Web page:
The Republic of Korea has designated Dongcheon Estuary as its newest Wetland of International Importance (Ramsar Site no.2269). Located in the south-eastern part of Suncheon City, the Estuary supports vital wintering and stopover habitats for 237 species of birds, of which at least 13 are globally threatened including the critically endangered spoon-billed sandpiper (Eurynorhynchus pygmeus), endangered black-faced spoonbill (Platalea minor), and far-eastern curlew (Numenius madagascariensis).
The Site acts as a transition zone between river and marine environments that provide habitat for 848 species of wild flora and fauna, and a rich aquatic biodiversity due to its varying salinity and nutrients and organic detritus in its sediment.
Reed and rice fields along both sides of Dongcheon River provide habitats for a wide range of wild mammals, aquatic insects and amphibians. The rice fields are key for migrating waterbirds such as hooded cranes (Grus monacha), and serve as one of the largest wintering grounds for white-naped cranes (Grus vipio).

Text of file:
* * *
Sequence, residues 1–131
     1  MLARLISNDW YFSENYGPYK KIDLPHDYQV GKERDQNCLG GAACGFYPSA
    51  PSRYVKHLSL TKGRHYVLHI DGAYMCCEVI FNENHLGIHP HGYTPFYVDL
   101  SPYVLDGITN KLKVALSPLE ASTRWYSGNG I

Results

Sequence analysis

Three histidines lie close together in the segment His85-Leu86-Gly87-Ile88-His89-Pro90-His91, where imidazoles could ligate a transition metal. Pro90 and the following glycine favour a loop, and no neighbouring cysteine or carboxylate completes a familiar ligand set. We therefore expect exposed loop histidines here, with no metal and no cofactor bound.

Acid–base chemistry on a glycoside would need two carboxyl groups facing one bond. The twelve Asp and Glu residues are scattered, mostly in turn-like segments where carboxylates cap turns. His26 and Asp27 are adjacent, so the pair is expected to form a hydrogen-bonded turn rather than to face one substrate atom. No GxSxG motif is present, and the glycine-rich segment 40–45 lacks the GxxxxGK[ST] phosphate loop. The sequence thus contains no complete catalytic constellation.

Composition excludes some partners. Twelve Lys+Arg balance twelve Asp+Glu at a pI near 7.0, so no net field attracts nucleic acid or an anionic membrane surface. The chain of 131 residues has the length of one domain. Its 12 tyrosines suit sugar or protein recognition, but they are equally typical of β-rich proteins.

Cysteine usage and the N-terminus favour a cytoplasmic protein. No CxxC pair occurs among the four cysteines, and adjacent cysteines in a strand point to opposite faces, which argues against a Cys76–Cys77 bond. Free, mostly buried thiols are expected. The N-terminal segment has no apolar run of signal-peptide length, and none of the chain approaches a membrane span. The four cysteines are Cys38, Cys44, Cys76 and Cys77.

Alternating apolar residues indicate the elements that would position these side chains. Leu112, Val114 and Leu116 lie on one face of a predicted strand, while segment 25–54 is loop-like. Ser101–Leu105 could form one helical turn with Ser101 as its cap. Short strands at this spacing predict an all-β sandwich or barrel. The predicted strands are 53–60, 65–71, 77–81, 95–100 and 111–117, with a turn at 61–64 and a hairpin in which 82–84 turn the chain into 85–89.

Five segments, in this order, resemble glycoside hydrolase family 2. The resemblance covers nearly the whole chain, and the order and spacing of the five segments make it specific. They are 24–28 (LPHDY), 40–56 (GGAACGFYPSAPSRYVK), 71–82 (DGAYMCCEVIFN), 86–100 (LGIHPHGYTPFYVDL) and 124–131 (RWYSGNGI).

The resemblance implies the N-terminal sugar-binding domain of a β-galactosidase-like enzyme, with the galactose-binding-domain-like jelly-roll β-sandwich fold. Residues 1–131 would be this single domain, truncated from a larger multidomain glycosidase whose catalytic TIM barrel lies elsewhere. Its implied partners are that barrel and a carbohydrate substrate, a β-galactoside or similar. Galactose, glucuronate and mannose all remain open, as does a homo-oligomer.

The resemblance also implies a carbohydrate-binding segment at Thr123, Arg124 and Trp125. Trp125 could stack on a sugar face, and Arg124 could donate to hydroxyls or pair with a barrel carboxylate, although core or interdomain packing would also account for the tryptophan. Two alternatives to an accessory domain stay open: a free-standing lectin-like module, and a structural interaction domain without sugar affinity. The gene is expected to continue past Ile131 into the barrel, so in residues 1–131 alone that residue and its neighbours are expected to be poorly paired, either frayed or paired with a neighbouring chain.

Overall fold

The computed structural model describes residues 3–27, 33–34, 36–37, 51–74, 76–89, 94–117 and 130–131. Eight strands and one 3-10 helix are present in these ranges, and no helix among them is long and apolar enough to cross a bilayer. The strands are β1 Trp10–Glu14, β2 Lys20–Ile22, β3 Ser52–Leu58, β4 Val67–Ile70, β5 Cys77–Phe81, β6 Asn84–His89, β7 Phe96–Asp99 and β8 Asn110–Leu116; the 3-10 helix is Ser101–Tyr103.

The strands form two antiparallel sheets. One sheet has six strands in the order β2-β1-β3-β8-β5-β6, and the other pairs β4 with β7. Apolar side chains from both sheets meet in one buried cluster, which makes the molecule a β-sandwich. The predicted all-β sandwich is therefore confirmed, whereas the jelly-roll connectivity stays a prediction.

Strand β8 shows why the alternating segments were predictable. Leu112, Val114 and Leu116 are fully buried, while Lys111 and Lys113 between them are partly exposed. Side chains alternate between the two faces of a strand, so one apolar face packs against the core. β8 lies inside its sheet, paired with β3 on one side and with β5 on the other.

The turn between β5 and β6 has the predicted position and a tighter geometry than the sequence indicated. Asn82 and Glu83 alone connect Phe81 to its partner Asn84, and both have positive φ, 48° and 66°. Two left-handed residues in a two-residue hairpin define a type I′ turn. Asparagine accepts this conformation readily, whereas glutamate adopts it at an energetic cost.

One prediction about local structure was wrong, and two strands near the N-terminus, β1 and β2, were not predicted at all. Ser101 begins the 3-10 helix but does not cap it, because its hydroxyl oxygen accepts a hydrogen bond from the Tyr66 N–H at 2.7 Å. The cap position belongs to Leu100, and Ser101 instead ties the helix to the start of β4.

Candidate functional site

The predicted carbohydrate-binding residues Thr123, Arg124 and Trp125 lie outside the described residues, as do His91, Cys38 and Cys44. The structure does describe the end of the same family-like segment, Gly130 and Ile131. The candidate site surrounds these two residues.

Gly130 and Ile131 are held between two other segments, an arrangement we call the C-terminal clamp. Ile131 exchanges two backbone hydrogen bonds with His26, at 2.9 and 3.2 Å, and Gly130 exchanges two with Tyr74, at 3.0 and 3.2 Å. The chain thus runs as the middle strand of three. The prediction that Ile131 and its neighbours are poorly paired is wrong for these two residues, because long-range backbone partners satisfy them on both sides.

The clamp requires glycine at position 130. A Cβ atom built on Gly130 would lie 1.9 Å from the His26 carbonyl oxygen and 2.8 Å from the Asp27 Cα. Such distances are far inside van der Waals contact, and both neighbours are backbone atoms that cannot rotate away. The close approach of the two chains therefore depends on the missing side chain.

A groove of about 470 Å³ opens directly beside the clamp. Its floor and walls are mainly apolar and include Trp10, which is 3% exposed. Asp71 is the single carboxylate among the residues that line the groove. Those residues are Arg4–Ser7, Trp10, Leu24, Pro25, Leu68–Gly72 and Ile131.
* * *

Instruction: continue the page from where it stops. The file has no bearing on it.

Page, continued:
The annual number of visitors to Dongcheon Estuary as well as the adjacent Suncheon Bay Ramsar Site increased from 1.2 million in 2005 to 1.9 million in 2015, about four times the population of Suncheon City.
Of the entire area of Dongcheon Estuary, almost 54% is privately owned and the rest of the land is owned by the national government. Only non-commercial fishing activities are allowed and the only commercial activities on the Site are rice production in its paddy fields.
Mr Chongwon Choi, the Director of Nature Policy Division of the Korean Ministry of Environment, emphasized that “The designation of Dongcheon Estuary reinforces the protection network that connects Suncheon Bay - a costal wetland Ramsar Site and a popular ecotourism destination - and Dongcheon Estuary, an inland wetland." He added that “the designation holds significance in that this effort is recognized internationally”.